Don't Fight The Fed's Sentiment

Don’t fight the Fed

That market mantra mostly holds true, and based on the sentiment within the Fed, should be on the bulls’ side. A model from Nordea Markets based on language used during FOMC meetings shows that we currently have the most dovish (easiest money) Fed in a decade.

There are some caveats with this - it's a new model, with this being among the first signals triggering in real-time. And it wasn't perfect, signalling all-clear conditions too early in 2001. Evens so, returns were typically good afterward for both stocks and gold. It was much less so for the dollar and bond prices.

A long round trip

The S&P 500 is nearing its next round number at 3,000 and when it closes above, will generate quite a bit of attention. That’s especially so since it’s been more than 200 days since its last round number hurdle.

The longer it took to exceed its next round number, the better its shorter-term returns were, suggesting the events generated investor excitement that lasted for a little while.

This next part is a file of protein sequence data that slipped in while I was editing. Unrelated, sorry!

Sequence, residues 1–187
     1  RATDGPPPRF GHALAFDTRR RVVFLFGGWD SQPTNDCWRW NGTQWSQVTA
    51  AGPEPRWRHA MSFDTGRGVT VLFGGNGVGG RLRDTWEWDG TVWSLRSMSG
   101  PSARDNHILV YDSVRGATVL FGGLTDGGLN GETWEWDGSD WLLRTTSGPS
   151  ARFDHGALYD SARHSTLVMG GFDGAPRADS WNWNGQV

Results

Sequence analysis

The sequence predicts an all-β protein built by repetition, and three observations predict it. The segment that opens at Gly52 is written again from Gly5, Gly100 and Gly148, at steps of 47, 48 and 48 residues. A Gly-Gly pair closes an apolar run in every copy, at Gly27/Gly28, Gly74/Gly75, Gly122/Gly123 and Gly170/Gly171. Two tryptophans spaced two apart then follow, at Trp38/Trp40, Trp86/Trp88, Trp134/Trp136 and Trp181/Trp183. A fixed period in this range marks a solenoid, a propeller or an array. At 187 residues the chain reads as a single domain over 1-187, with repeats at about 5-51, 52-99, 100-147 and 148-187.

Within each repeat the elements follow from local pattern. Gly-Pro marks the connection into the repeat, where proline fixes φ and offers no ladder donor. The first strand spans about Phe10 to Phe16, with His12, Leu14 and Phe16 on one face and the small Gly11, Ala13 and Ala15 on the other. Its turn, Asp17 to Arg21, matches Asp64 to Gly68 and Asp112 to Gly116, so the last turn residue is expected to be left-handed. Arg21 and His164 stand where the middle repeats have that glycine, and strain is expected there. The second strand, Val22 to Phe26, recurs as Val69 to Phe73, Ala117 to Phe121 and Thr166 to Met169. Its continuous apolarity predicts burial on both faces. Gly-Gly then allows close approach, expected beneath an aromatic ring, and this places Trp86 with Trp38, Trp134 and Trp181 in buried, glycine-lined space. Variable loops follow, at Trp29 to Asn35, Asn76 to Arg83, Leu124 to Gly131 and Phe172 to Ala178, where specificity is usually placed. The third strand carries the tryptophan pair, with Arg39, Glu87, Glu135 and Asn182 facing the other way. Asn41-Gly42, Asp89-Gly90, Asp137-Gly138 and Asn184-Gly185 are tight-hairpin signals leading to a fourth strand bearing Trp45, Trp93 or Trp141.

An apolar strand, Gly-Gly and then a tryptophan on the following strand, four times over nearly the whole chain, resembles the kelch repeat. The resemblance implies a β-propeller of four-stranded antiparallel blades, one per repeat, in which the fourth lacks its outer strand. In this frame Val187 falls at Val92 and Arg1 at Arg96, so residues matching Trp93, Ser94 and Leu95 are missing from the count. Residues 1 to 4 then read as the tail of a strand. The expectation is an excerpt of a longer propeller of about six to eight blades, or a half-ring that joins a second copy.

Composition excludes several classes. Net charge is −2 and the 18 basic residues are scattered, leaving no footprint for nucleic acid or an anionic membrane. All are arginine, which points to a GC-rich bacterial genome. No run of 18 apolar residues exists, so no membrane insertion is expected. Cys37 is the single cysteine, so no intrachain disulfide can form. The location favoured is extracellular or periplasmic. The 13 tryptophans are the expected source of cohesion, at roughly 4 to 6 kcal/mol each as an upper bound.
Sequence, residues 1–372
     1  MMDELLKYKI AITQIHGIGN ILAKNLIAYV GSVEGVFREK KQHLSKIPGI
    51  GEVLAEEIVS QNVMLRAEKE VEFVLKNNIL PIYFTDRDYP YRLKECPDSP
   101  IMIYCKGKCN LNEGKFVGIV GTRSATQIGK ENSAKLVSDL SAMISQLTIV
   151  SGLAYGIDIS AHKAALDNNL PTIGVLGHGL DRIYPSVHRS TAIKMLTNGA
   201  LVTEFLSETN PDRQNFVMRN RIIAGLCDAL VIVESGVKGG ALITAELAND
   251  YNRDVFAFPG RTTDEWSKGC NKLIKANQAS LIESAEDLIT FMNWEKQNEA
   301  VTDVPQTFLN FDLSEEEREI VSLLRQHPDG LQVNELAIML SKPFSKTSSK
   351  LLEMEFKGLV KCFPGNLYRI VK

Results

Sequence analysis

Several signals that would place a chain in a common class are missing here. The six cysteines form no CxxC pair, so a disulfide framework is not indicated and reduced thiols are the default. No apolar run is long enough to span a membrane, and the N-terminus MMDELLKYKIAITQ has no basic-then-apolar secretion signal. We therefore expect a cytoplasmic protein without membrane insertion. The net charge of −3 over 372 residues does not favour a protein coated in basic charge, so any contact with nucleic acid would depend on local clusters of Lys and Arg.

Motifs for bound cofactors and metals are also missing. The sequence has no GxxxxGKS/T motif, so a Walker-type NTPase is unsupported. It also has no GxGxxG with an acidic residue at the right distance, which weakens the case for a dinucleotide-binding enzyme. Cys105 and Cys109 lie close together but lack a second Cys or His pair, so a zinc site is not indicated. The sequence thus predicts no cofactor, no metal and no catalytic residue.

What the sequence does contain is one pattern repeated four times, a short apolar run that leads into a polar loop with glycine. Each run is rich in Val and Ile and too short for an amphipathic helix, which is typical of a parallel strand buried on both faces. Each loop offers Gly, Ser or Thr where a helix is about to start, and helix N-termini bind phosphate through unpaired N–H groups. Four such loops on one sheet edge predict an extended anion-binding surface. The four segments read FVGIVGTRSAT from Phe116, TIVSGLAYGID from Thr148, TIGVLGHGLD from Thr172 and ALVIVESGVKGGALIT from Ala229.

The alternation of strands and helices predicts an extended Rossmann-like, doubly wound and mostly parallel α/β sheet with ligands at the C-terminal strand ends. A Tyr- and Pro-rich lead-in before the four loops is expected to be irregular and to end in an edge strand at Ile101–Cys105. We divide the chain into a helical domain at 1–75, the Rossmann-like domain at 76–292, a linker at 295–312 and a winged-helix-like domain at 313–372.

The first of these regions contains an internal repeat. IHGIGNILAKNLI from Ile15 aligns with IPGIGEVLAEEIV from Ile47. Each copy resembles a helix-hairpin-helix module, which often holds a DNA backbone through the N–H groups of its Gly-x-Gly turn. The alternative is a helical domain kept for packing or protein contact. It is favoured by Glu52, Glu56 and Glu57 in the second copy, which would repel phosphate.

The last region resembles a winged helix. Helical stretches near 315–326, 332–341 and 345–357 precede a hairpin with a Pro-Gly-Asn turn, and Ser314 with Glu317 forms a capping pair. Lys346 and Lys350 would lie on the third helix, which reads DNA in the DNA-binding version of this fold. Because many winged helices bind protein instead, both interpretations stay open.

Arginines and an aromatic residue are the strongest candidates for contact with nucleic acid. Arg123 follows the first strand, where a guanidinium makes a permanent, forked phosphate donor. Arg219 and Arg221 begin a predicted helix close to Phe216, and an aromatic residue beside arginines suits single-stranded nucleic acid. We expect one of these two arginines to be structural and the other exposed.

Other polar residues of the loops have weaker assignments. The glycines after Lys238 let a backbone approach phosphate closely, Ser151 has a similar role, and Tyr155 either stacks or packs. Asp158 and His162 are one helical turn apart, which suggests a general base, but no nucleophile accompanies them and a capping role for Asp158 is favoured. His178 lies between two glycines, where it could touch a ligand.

Brazilian stocks haven been on a rampage, and they’ve just scored one of the best underlying breadth readings in 20 years. There have been 8 other times when the stocks in the Ibovespa index have done this well, and this broadly. These were good signs of intense buying interest and 3 months later, the Ibovespa was even higher 6 of the 8 times by an average of 12.0% (median of 4.2%).


The CNN Fear & Greed proxy model is back above 80. Using next-day returns from the Backest Engine, readings above 80 led to an annualized -4.9% return in the S&P. Below 20, that jumped to +28.6%.

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The post titled Don't Fight The Fed's Sentiment was originally published as on on 2019-07-12.

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